About 80 percent of women will experience some form of a hot flash during perimenopause or menopause. Hot flashes happen when your brain has trouble regulating your internal temperature, which is a common response to having less estrogen. The shift in temperature may not be noticeable. Or, it may feel like someone cranked up the thermostat on your core body temperature. You suddenly feel uncomfortably hot and sweaty, or you may wake up drenched in sweat .
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What To Expect From Periods After 40
Before your periods stop completely, your body makes the transition to menopause in a phase called perimenopause, which could last 2 to 10 years. During this time, when hormone levels fluctuate and eventually drop, all kinds of changes in your cycle are fair game.
Hot Flashes During Perimenopause
Most women don’t expect to have hot flashes until;, so it can be a big surprise when they show up earlier, during perimenopause. Hot flashes sometimes called hot flushes and given the scientific name of vasomotor symptoms are the most commonly reported symptom of perimenopause. They’re also a regular feature of sudden menopause due to surgery or treatment with certain medications, such as chemotherapy drugs.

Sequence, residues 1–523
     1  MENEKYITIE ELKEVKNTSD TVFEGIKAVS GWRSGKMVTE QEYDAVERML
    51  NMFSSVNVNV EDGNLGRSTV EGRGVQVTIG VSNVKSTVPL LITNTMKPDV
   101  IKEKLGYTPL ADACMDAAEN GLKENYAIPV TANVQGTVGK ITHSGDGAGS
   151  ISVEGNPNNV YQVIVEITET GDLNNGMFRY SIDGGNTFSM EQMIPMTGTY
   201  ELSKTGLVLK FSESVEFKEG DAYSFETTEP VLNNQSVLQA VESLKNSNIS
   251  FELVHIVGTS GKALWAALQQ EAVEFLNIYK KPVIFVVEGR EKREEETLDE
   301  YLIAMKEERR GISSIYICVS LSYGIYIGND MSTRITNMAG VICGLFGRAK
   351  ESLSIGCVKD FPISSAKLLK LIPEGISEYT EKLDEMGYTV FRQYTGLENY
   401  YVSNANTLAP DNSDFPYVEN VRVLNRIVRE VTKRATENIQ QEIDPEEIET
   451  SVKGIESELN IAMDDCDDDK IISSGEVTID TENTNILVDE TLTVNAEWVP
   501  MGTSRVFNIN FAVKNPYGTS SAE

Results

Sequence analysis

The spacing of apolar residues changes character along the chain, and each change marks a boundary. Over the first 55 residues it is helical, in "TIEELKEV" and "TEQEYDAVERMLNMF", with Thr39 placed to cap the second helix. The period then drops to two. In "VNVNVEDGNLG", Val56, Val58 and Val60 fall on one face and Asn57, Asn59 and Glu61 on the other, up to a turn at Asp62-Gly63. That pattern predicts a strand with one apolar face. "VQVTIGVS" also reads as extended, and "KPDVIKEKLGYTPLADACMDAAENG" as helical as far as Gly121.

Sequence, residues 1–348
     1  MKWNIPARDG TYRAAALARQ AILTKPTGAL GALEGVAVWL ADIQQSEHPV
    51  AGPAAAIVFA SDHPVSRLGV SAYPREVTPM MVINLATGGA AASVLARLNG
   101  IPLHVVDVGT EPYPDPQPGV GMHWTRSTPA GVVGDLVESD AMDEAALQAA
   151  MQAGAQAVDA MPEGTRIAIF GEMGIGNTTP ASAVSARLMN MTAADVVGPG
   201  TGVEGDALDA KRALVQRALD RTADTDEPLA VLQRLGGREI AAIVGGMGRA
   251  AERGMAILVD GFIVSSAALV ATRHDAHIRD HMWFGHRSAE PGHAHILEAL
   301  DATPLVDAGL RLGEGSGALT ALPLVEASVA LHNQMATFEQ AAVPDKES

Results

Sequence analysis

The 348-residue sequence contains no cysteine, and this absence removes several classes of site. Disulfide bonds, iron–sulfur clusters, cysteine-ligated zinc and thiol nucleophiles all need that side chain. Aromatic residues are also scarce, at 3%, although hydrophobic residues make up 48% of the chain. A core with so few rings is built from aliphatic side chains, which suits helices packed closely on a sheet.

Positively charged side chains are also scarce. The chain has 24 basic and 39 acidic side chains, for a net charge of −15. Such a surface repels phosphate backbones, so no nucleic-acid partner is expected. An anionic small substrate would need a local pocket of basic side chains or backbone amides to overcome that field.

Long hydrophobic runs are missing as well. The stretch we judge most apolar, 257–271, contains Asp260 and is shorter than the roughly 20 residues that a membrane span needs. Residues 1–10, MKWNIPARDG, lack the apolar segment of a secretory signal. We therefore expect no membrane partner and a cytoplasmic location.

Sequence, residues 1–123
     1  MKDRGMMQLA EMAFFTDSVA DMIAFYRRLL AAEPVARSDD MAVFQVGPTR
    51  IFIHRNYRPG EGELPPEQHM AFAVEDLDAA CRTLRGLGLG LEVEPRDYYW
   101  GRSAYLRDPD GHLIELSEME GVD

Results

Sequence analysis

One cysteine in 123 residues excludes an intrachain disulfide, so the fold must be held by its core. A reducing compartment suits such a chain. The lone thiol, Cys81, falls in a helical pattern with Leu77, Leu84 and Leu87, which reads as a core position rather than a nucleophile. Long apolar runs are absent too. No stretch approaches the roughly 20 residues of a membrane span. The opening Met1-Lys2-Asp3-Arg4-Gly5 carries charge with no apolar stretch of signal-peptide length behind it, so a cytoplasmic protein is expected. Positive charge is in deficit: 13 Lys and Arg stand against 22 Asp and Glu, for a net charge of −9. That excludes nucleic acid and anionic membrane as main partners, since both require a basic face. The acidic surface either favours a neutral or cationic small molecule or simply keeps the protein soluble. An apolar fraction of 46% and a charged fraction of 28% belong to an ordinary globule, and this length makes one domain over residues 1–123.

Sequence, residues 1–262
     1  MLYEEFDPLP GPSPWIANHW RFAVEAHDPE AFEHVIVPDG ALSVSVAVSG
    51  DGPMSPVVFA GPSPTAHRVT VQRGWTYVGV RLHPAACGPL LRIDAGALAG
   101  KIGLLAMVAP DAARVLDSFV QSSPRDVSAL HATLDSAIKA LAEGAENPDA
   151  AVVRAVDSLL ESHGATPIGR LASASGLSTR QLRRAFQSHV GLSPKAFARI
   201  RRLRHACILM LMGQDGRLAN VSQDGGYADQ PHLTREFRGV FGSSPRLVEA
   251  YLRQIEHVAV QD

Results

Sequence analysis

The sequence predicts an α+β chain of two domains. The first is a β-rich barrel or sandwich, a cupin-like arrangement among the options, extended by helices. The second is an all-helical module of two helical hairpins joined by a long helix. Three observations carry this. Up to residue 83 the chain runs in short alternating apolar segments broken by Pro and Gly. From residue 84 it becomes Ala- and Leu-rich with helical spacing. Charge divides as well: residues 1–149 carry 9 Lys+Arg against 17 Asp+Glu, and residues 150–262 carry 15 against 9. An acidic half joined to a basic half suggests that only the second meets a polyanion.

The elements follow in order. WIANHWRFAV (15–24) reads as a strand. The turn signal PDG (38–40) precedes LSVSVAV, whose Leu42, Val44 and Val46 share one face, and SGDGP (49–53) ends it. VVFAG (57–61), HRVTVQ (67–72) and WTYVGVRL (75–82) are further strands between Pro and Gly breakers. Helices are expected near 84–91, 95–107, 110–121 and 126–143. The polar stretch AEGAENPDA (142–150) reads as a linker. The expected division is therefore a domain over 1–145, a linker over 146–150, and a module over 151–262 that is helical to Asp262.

Hot flashes tend to come on rapidly and can last from one to five minutes. They range in severity from a fleeting sense of warmth to a feeling of being consumed by fire “from the inside out.” A major hot flash can induce facial and upper-body flushing, sweating, chills, and sometimes confusion. Having one of these at an inconvenient time can be quite disconcerting. Hot flash frequency varies widely. Some women have a few over the course of a week; others may experience 10 or more in the daytime, plus some at night.